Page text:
Originally trained as a biologist, it became apparent to me that a model referred to as the triune brain supports this thought that principles drive fights. The most external part of our brain is the cerebral neocortex and drives the ability to speak and engage in rational thought. Lower areas of the brain are responsible for emotion and referred to as the limbic system. But the most basic region of the brain is the basal ganglia, sometimes referred to as the reptilian brain. The most basic function of this lowest level of the brain is survival, aggression and instinct.
The middle part of the brain will sometimes lie to a fighter as it is based mostly on emotion and must have checks and balances with other parts of the brain. Winning involves utilizing the highest levels of our rational brain to reach deep into our most basic survival regions. Coupling the communication between these different parts of the brain without allowing one to completely override the other requires discipline and is a powerful skill. Tapping into the deepest part of our brain drives motivation, desire and behavior. We then rationalize and understand with more complex regions of our brains. Even with our middle brain that relies on emotion rather than linguistic components, we are able to feel if something isn't quite right. Techniques are complex skills that our outer brain understands. But the most primitive regions of our brain drive principles. Our inner brain drives behavior.
In 2006, the US Navy SEALS conducted a study titled, "Predictors of Success in Basic Underwater/SEAL (BUDS) Training." They were trying to solve this problem of predicting who could withstand the vigorous training, as external predictors were inconsistent. Researchers determined that one of the major predictors was mental toughness. Mental toughness was more accurate at predicting the successful completion of the most grueling training in the world than any other factor. It supported the cliché that it isn't the size of the dog in the fight, but the fight in the dog that counts.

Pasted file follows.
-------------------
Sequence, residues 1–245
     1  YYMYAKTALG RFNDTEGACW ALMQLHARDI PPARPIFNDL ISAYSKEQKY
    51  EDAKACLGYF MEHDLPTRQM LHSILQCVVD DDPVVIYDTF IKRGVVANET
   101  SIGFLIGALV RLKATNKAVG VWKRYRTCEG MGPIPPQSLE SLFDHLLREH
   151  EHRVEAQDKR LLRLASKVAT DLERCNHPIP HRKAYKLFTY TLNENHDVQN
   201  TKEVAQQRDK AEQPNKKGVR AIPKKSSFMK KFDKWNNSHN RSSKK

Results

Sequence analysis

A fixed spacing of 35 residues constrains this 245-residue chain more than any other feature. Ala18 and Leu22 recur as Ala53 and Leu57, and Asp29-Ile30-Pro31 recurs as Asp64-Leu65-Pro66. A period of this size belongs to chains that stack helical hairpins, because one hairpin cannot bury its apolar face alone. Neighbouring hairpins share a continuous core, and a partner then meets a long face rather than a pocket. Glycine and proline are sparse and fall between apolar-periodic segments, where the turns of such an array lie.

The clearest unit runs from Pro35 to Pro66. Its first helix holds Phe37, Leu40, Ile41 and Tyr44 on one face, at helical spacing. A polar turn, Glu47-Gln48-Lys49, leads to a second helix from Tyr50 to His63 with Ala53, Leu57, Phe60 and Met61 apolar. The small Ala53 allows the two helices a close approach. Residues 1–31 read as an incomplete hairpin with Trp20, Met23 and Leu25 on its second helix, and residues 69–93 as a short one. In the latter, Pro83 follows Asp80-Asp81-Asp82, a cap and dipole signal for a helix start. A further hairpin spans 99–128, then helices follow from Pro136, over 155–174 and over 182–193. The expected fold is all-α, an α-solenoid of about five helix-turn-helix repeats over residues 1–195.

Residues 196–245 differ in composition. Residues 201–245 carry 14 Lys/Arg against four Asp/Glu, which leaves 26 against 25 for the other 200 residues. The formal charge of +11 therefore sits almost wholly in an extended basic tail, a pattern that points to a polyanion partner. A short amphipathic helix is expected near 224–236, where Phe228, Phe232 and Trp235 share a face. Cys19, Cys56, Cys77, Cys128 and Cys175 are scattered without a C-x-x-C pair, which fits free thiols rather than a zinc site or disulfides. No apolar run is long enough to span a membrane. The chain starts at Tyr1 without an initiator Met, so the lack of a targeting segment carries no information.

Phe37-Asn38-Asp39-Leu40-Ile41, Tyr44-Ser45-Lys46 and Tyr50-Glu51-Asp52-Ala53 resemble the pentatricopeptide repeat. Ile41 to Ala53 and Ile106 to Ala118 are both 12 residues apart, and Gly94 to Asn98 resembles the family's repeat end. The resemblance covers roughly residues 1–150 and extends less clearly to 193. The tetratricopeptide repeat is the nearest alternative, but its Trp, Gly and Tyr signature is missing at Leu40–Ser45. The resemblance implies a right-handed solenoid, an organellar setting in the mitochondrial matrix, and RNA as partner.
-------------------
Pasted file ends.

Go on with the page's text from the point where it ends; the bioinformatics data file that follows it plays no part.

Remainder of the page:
Many other studies provided more supporting evidence regarding the importance of principles derived from mindset that experts had alluded to for centuries. Psychologist Angela Duckworth studied West Point cadets in 2004. She later wrote a book entitled, Grit: The Power of Passion and Perseverance, as a result of this research. She called the quality that determined success, grit. She found that grit trumps IQ and talent every time.
Even modern film depicts these same qualities needed to ultimately win fights. The Last Samurai, The Karate Kid, The Bourne Identity, Rudy, Star Wars and John Wick are just a few that depict the common theme of inner strength overcoming adversity.
Organizations from the CIA, US Marines to US Army Special Forces understand this view. I interviewed many of them. Groups like the Maori and Zulu also embody these warrior principles and have been feared fighters throughout time as a result.
In my book, Winning Fights: 12 Proven Principles for Winning on the street, in the ring, at life," I attempted to distill these findings. It isn't that they are novel insights. I simply attempt to codify thousands of years of writings, modern research, and interviews with warriors into a text that Kirkus Reviews calls, "A clear and strongly worded fighting manual in the long tradition of Sun Tzu." It is devoid of symbolic language common to ancient texts and even mixes modern day film, analogy and expert commentary for reference.
As a commissioner for a state boxing commission charged with writing the rules to insure the safety of combat sports such as mixed martial arts (MMA), I witness these principles in action at ringside. They are the same principles I pursued as a national martial arts competitor myself. Principles are simply a recurring theme defining who wins all types of conflict whether it is two fighters in a ring, lawyers arguing in a courtroom or armies facing each other on the field of battle.
Technique is important and technique is how fights are won. Good technique will create a good fighter.
But principles are why fights are won. Fighters who understand the difference become great.
Dr. Phillip Stephens is author of the book, "Winning Fights: 12 Proven Principles for Winning on the street, in the ring, at life." He is a black belt in Ketsugo Do Jujutsu with championship titles in self-defense tournament competition. He is a commissioner appointed to the North Carolina Boxing Commission, which regulates combat sports. Stephens practices emergency medicine as a physician assistant and holds a Doctorate in Health Science while teaching subjects such as research methodology and evidence based medicine at the university level.